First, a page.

Try this experiment: Walk into the nearest wine shop and ask for an “everyday wine” recommendation. Refuse to give a price range, and see what the merchant suggests. My guess is you’re out 15 bucks. Critics seem to be pushing this price point as an appropriate range for “everyday wine”...I'll offer my recommendation - Prairie Fume, from the Wollersheim winery in Prairie du Sac, Wisconsin. Feel free to add yours in the comments - I'd be interested to hear what they are.
Ernest Gallo, who, along with his brother Julio, popularized wine among the American masses, understood the psychology of wine better than anyone. He used to pour two glasses of wine for potential buyers, telling them that one sold for 5 cents, and the other for 10. According to Gallo, his guinea pigs invariably chose the more expensive option. What they didn’t know was that the two wines were exactly the same. Researchers have recently reproduced Gallo’s results, proving that our appreciation of a wine depends on how much we think it costs. If you can break yourself of this psychological quirk—or have your spouse lie to you about the cost of your wine—you’ll save a small fortune....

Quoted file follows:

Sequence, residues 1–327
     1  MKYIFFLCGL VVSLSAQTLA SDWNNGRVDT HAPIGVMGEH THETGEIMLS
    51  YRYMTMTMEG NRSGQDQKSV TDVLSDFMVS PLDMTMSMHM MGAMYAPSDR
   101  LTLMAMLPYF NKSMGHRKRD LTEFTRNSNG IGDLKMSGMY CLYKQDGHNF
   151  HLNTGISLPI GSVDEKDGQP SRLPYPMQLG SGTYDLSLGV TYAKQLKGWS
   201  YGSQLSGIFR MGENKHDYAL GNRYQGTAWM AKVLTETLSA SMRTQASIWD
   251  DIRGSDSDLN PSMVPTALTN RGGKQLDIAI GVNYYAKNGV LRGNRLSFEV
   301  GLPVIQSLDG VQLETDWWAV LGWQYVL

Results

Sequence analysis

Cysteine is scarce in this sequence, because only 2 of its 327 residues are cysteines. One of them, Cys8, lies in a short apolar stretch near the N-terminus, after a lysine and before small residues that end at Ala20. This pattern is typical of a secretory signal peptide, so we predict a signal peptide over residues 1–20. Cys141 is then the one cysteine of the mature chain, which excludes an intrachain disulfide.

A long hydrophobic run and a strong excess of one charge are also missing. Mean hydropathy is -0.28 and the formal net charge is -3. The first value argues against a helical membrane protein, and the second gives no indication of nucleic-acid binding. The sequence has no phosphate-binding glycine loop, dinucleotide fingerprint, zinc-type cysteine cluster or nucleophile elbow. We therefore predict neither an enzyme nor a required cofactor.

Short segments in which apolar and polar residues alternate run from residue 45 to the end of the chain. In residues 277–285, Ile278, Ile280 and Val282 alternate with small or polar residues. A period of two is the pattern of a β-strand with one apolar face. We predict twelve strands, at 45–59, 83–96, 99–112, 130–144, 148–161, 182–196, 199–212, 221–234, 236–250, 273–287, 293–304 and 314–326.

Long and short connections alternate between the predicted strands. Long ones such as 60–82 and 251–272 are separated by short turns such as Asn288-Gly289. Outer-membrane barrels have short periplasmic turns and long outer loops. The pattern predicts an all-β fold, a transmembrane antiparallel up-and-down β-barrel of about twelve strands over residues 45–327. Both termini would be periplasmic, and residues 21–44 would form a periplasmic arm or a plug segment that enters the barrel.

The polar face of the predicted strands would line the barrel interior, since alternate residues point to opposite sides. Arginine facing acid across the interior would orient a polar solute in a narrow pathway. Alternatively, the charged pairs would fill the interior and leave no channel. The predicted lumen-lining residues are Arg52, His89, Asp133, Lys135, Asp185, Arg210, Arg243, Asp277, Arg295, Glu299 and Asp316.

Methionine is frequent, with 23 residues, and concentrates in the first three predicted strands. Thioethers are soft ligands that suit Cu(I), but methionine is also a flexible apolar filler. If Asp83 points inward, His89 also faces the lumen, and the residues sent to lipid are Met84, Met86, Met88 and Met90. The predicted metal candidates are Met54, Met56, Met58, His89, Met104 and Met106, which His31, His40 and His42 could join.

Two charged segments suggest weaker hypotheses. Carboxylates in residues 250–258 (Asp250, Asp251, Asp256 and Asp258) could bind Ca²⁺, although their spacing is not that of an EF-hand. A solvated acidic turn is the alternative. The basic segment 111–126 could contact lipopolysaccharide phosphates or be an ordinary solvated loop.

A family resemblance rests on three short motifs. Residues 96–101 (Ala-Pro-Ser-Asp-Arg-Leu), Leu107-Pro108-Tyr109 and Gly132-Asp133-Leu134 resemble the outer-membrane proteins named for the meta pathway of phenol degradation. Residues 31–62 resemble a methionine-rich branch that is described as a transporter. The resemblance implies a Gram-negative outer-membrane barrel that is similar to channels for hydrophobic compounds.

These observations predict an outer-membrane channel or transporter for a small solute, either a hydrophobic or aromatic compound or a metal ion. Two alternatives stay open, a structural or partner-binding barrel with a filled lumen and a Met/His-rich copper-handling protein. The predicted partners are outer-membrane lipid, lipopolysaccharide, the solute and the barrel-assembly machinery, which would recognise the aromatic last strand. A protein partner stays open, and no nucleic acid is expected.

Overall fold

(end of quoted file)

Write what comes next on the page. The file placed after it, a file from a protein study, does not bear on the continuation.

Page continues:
You’re probably hoping for some recommendations. You don’t need them. Reviews and recommendations are great for cars or televisions or overpriced wines, because bad decisions are expensive. If you hate your cheap bottle of wine, just uncork another.
And the Slate article is a bit Eurocentric in its focus; I wonder what the cost of everyday dinner wine is elsewhere in the world.